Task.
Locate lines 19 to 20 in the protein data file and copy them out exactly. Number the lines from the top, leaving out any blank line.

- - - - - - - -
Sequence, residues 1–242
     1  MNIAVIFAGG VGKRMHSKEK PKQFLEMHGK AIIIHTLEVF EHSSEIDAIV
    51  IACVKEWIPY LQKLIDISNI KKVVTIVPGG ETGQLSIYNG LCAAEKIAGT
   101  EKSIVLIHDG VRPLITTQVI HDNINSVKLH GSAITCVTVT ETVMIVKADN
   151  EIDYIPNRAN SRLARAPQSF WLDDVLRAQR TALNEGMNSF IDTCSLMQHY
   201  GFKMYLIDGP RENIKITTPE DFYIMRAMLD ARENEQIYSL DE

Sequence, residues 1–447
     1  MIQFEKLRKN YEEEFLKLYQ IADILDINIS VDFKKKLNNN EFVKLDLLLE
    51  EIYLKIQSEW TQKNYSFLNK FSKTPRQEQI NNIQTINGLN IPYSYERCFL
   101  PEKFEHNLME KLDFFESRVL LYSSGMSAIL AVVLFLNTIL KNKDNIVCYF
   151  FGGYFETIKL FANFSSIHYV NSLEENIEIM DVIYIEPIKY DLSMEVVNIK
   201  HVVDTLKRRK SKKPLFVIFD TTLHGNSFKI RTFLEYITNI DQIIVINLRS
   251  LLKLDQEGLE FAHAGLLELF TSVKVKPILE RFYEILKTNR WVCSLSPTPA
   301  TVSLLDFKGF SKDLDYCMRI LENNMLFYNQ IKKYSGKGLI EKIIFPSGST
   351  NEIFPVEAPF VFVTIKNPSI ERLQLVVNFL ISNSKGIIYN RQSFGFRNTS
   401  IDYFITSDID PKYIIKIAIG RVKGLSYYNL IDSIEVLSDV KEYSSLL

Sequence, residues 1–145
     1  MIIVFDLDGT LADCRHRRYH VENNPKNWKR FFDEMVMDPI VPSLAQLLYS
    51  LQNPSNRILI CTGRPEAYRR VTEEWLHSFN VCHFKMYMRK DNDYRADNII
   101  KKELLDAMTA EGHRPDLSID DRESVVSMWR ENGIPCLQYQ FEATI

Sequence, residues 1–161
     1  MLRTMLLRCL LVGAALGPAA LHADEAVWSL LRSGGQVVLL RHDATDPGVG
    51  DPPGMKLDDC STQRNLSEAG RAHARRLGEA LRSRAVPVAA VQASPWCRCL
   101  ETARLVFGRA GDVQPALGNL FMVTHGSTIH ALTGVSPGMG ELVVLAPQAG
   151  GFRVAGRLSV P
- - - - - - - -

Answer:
    51  LQNPSNRILI CTGRPEAYRR VTEEWLHSFN VCHFKMYMRK DNDYRADNII
   101  KKELLDAMTA EGHRPDLSID DRESVVSMWR ENGIPCLQYQ FEATI